Monday, March 26, 2007

Step Away From The Keyboard

You probably know something of the history Lee Abrams' impact on Rock radio with his development of the AOR/Superstars format in the 70s and 80s. Today he's at XM leading their product develpment and still dispenses some useful insights on his blog www.leeabrams.blogspot.com .

One of Lee's most impactful themes was 'the balance of art and science.' Lee used this theme a number of times addressing the programmers of the 70s and 80s and it still rings true today. Great radio stations are not completely built on the science of crunching numbers, analyzing research, and working behind the computer screen. They are built by the creativity of the whole team. The air staff's work behind the mic, the imaging between the songs, the promotions in the streets, and having a creative music mix.

While the research data, the music scheduling software, and digital studios are useful tools. The research allows us to hear the audience's reaction and opinions and the music software and digital studios do help us consistantly keep the product on the air they are not content. Yet we often see PDs working dilgently at their screens breaking down web metrics, tweaking the music log, fine tuning the station to the smallest details - instead of spending time focusing on the ART side of the product.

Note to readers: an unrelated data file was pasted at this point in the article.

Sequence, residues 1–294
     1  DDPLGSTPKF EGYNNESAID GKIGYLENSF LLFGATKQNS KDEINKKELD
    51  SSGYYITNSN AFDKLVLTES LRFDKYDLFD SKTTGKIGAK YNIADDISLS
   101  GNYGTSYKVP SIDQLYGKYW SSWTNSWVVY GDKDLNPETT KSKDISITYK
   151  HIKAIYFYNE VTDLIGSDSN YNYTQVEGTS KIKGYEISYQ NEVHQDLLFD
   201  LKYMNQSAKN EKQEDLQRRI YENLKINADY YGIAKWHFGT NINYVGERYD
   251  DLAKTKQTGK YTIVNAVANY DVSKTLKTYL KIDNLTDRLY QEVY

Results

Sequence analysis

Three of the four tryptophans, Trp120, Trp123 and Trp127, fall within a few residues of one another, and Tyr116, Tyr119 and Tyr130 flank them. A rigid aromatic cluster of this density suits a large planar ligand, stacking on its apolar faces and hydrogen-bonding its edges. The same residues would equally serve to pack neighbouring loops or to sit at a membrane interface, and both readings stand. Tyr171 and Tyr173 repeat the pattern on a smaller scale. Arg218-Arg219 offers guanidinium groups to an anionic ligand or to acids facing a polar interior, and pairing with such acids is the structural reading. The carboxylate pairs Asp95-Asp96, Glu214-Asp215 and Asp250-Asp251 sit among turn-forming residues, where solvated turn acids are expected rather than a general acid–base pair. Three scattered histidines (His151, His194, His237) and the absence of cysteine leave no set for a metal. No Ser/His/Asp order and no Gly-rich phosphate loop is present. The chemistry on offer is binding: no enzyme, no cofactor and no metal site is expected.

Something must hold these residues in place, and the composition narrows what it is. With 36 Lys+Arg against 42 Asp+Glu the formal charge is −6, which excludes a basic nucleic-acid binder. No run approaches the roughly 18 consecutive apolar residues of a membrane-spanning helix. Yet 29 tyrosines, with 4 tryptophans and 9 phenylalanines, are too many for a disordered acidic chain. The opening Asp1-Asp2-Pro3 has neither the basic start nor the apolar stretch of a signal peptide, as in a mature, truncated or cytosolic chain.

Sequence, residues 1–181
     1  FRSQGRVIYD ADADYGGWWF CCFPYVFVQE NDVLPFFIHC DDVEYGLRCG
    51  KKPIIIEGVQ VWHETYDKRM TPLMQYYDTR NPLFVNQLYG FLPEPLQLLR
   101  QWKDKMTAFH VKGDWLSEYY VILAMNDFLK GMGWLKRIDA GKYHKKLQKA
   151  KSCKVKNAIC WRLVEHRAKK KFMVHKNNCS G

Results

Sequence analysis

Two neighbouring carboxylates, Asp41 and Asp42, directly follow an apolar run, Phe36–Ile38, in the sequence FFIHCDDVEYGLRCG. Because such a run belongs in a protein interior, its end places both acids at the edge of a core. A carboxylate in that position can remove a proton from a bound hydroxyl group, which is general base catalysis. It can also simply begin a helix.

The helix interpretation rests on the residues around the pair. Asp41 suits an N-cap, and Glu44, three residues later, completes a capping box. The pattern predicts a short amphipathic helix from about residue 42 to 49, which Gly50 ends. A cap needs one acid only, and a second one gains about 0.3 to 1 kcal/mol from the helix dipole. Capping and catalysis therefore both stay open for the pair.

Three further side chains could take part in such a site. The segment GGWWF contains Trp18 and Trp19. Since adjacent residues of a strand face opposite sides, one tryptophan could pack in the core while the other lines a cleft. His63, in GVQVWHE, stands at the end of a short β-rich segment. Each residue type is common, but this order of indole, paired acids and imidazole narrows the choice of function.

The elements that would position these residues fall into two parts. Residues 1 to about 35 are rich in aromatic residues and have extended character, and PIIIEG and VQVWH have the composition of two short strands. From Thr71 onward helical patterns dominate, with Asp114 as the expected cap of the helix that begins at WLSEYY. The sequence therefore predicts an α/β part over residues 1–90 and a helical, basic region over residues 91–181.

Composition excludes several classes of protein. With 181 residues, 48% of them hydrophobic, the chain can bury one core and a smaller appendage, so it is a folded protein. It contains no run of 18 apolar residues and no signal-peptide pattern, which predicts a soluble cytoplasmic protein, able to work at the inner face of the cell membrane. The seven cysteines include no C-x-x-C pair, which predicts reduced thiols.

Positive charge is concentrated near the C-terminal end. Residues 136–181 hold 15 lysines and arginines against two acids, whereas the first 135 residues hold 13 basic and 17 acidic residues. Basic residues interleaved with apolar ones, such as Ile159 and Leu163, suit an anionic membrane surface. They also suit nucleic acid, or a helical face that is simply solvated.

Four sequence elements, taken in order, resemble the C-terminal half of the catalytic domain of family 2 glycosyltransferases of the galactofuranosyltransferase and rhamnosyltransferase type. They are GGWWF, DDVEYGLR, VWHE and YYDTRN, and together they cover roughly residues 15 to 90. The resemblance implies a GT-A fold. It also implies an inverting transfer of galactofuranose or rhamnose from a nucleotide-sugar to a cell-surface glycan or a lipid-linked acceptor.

Radio programming is a 'team sport.' It takes the creative resources of everyone on your staff and to use those creative resources you have to put on your coaching hat. Great winning coaches have great skills with the 'Xs and Os' but they also know how to motivate the talent on the field. While the plan may gain from spending time behind the keyboard the real execution comes from leading the staff. Taking the time to brainstorm, motivate, and coach the airstaff, imaging team and promotion folks is where you can make a real impact on the product. Great stations do not come from the computer screen they happen on the air.

1 comment:

Dan Kelley said...

Dave-

Excellent piece!

There was a point in my career where my head was firmly planted in the mechanics of programming until the right mentor came along and changed my thought process in building a product both on and off air.

Listening to a lot of stations these days in both large and small markets, I do hear a lot of mechanically perfect stations that lack the art.

The ones that get it are wonderful.